MPs say internet firms must give up names of trolls to cut rise in abuse
Raft of measures to protect politicians from online intimidation while out campaigning in elections
INTERNET companies will be forced to hand over the contact details of online trolls who anonymously abuse MPs under Conservative proposals.
Facebook and Twitter must also create a “one-stop shop” for politicians to report threatening messages during campaigns, candidates will not have to publish their home addresses and new police guidance will be issued to bring trolls to justice, the party indicated.
The proposals were put forward by Sir Patrick McLoughlin, the Tory Party chairman, in a letter to a committee investigating MP abuse.
They mark a major overhaul of the rules and laws protecting parliamentary candidates from intimidation, both online and when campaigning.
A string of horrific examples of MP abuse – from death threats and racial slurs to physical assaults and intimidation of family members – emerged after this year’s election. The scale of the problem – which The Sunday Telegraph helped reveal – has raised fears people will be put off from running for office.
Theresa May tasked the Committee on Standards in Public Life, chaired by Lord Bew, with investigating what could be done to better protect MPs.
Sir Patrick’s letter, published on Friday, reveals the Tories’ support for detailed proposals including:
Urging social media companies to create a single point of contact for candidates to report abuse through a new code of conduct.
Making internet companies that host websites publishing abuse hand over “underlying registration or contract information” to help legal action.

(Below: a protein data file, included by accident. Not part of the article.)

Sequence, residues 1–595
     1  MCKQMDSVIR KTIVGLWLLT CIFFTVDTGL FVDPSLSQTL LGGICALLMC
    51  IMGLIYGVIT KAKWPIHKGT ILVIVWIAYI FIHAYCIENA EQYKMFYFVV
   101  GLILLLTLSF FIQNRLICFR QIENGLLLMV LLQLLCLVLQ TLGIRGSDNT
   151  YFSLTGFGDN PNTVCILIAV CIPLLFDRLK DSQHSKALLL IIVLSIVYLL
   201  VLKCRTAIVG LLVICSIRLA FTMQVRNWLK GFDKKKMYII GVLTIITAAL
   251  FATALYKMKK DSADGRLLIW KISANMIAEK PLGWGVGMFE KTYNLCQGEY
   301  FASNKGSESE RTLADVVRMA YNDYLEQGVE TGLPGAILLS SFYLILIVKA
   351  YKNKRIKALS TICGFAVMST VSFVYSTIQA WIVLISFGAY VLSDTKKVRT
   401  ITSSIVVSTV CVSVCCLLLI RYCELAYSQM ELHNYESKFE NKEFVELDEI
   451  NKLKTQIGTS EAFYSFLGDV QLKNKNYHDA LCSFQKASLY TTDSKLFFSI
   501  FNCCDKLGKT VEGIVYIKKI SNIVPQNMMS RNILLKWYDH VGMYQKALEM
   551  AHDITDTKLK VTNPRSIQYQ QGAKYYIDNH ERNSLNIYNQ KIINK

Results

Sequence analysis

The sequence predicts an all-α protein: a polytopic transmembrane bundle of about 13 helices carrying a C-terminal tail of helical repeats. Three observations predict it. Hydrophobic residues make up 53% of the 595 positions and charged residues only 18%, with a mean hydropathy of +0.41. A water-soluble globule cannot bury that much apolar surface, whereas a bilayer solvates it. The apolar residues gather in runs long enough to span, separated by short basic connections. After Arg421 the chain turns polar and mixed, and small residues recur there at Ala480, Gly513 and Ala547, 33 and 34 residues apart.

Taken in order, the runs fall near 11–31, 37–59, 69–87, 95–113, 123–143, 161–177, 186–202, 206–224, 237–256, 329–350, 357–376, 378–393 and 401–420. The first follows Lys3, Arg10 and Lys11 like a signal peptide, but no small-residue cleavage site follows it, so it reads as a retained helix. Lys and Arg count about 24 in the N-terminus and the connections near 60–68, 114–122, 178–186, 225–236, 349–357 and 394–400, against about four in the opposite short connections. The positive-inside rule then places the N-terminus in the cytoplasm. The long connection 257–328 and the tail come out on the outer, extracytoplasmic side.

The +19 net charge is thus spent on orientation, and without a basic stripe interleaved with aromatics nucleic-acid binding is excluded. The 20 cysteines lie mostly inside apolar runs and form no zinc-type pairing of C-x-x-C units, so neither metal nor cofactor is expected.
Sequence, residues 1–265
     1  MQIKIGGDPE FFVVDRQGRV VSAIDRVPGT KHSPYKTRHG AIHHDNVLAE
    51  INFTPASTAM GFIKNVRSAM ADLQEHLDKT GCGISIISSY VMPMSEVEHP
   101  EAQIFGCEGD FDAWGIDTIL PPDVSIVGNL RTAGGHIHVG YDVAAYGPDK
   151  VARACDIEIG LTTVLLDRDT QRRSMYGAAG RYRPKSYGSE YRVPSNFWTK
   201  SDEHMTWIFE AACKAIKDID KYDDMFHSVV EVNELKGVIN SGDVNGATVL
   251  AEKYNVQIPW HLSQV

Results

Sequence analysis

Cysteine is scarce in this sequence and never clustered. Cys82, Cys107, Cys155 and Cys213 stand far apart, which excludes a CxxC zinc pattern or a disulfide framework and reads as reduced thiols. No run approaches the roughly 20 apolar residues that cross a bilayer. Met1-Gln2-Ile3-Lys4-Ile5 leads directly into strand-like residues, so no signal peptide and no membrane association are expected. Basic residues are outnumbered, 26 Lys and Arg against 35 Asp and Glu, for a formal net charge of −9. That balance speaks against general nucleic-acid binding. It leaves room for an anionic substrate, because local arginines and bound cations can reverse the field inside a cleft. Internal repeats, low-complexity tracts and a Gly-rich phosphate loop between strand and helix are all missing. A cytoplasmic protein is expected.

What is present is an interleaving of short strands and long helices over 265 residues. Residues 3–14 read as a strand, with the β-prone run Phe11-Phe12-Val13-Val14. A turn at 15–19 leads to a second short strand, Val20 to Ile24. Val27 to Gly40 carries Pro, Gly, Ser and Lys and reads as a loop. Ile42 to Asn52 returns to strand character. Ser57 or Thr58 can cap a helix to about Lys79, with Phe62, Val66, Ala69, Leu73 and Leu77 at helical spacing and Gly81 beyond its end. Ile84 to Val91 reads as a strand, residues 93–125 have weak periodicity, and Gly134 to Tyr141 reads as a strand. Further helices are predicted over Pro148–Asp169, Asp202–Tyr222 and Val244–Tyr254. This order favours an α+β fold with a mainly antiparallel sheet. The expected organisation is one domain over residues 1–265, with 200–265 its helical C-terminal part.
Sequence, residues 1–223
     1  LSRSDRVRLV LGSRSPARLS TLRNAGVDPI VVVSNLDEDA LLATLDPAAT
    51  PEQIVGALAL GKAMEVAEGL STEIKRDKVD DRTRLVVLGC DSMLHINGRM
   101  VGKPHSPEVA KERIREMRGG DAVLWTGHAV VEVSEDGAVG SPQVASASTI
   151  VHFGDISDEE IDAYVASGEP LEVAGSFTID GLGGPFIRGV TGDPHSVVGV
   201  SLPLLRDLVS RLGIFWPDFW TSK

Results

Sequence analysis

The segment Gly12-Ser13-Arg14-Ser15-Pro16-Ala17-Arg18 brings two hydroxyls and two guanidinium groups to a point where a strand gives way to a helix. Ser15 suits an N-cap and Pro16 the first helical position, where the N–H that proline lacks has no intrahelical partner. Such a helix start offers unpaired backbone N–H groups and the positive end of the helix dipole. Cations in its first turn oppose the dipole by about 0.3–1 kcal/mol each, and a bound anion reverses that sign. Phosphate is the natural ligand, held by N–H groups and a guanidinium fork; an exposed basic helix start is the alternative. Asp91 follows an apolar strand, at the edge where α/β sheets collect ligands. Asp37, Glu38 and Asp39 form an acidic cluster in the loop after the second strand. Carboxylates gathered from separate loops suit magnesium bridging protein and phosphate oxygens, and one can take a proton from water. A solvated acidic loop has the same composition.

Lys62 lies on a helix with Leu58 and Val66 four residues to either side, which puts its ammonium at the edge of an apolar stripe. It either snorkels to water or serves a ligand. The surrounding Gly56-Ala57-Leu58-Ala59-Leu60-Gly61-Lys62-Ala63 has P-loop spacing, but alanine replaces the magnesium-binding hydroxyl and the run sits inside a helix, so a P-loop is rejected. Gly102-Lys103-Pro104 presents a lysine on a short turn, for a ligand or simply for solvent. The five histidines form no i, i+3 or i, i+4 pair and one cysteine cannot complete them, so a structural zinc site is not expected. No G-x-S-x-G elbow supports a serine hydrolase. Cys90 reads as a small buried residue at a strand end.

Getting the Crown Prosecution Service or the College of Policing to reissue guidance to make sure people who are harassing politicians are being brought to justice.
Changing the law so that candidates in all elections do not have to publish their home addresses. Campaign office addresses will still be published.
Lowering the legal bar for successfully prosecuting “election intimidation” amid fears the current requirements are too stringent.
Ensuring online campaign material carries an “imprint” like physical leaflets and adverts, meaning the publisher can face legal action for libel.
The extent of the changes is a reflection of the seriousness with which senior Tories have taken the abuse which emerged at the June snap election.
MPs with decades of campaigning experience said it was the worst they had ever seen, with many pointing to the anonymity provided by the internet as a factor.
Sir Patrick wrote in his letter that there had been “unprecedented feedback of unwarranted abuse in the runup and during the 2017 general election”.
“This included tangible incidents of death threats, obscenity, defamation and slander, criminal damage, homophobia, sexism, anti-Semitism and menacing abuse. Such behaviour af- fected candidates from across the political spectrum. This was not just ‘banter’, but conduct that went beyond the legitimate expressions of freedom of speech and freedom of expression.”
He added: “In a free society, critical scrutiny of politicians – and those who aspire to hold public office – is an important feature of Britain’s democratic system and its independent free press.
“Yet, as was initially evident in the 2014 Scottish independence referendum, there been a step change in recent years in conduct that crosses the line beyond free speech, to behaviour that seeks to intimidate and abuse.
“Such behaviour ultimately seeks to discourage and prevent others from expressing their own political opinions.”
Recommendations about changes impacting social media companies did not name Facebook and Twitter explicitly, but they are two firms about which MPs have repeatedly raised concerns.
Labour also called for social media companies to do more over online abuse in their submission to the committee, co-signed by Jeremy Corbyn.
Lord Bew is due to put forward his own independent recommendations before Christmas.
‘There has been a step change in recent years in conduct that crosses the line beyond free speech, to behaviour that seeks to intimidate and abuse’